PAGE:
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The annualised percentage growth of a variable over a given period of time refers to the equivalent average rate of growth per annum that will give us the same growth rate as that observed over the entire time span.

Suppose the value of commodity X was 100 in year 2013, rising by 10% to 110 in year 2014 and another 20% to 132 in year 2015.

The annualised rate of growth for commodity X over the 2-year period is 14.9% per annum (p.a.), as this is the equivalent annual rate of growth that will also result in the value of commodity X increasing from 100 in year 2013 to 132 in year 2015.

**How to compute annualised rate of growth?**

**(1) Given beginning and end levels**

Let:

*X*_{1} be the level at the beginning of the period

Then the annualised rate of growth, *r* is:

**Example 1**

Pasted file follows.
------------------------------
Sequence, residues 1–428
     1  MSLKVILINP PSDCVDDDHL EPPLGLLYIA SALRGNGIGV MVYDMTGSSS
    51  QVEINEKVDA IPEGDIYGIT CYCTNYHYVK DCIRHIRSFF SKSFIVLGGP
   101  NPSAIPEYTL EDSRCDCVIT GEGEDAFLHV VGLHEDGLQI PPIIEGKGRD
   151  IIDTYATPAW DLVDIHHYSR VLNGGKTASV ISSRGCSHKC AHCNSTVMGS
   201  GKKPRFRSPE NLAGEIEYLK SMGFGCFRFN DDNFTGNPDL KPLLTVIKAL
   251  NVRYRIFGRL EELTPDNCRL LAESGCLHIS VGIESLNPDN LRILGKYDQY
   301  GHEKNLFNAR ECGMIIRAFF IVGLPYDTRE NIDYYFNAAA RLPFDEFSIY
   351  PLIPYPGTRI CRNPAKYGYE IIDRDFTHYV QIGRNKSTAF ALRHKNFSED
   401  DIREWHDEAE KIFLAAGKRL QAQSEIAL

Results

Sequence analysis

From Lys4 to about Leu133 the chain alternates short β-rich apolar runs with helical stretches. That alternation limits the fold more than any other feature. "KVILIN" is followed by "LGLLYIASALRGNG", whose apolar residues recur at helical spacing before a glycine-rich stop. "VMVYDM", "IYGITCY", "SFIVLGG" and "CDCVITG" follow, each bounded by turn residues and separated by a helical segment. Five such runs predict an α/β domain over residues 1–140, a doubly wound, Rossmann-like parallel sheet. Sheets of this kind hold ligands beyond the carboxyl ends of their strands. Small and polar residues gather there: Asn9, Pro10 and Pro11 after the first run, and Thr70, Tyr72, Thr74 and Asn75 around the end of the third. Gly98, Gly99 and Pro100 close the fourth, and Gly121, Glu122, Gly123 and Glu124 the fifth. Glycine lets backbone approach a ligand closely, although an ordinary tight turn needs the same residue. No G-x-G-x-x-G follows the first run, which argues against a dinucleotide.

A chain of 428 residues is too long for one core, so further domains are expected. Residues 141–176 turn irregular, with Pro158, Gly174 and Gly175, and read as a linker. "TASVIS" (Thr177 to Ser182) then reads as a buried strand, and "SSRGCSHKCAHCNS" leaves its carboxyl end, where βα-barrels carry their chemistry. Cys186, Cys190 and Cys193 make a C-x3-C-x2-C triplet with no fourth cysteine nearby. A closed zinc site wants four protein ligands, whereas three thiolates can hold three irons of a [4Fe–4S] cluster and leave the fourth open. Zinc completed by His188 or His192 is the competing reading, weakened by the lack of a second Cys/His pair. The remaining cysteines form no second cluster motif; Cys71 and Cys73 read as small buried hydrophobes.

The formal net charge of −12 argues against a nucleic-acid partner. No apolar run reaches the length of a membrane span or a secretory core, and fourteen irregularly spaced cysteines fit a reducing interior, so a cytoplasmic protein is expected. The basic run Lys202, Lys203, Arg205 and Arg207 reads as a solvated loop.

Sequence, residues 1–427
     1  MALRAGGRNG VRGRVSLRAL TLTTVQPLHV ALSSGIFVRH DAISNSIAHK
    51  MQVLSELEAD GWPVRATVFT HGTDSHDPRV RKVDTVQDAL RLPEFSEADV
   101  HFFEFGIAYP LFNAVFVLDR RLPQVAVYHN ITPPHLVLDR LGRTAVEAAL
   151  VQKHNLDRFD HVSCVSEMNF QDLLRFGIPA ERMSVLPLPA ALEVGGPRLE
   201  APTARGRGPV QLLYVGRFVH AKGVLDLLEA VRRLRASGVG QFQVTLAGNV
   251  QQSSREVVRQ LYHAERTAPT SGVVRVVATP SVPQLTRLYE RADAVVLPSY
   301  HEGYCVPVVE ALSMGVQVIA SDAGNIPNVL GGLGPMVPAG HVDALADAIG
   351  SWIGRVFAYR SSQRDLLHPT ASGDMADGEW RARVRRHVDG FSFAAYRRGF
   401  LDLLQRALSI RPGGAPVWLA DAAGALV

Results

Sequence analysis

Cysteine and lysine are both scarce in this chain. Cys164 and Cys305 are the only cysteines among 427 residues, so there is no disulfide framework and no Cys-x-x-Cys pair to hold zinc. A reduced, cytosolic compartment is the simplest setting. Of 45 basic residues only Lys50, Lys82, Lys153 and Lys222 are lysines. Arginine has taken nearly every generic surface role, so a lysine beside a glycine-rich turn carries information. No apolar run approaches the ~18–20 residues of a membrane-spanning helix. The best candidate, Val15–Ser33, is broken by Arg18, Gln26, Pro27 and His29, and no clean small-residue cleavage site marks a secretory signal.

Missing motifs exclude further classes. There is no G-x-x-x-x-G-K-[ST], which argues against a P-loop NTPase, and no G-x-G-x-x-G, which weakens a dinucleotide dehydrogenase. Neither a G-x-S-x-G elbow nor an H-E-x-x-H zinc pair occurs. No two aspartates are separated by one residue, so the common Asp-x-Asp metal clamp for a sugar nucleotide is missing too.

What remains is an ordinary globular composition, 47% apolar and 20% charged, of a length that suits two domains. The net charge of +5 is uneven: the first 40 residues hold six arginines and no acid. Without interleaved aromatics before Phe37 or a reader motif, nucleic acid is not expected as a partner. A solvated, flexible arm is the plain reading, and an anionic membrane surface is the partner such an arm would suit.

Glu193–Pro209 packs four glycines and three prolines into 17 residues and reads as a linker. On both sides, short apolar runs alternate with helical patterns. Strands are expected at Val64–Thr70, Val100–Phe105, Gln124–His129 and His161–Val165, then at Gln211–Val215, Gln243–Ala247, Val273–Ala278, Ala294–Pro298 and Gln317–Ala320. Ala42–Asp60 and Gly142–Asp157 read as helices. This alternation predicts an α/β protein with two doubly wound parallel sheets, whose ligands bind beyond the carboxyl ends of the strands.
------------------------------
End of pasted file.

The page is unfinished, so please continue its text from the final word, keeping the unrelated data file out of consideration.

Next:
**(2) Given growth rates for the respective years**
*r*_{1} be the growth rate in year 1 (in per cent)
*r*_{2} be the growth rate in year 2 (in per cent)
*r*_{t}_{}_{}_{}_{}_{}_{}_{} be the growth rate in year *t *(in per cent)
*t* be the length of the time period (in years)
*r* be the annualised rate of growth (in per cent per annum)
**(3) Given the cumulative growth rate for the entire period**
*R* be the cumulative growth rate for the entire period (in per cent)
*t* be the length of the time period (in years)
*r* be the annualised rate of growth (in per cent per annum)

**Example 3**

There were 1,928,300 residents in the labour force in June 2008 and 2,047,300 residents in the labour force in June 2010.

Let:

Then the annualised rate of growth, *r* is:

**Example 2**

Real total wages (including employer CPF contributions) fell by 1.0% in 2009, rose by 2.9% in 2010, and rose by 0.9% in 2011.

Let:

Then the annualised rate of growth, *r* is:

Johnny’s wages in 2010 was 50% higher than in 2007.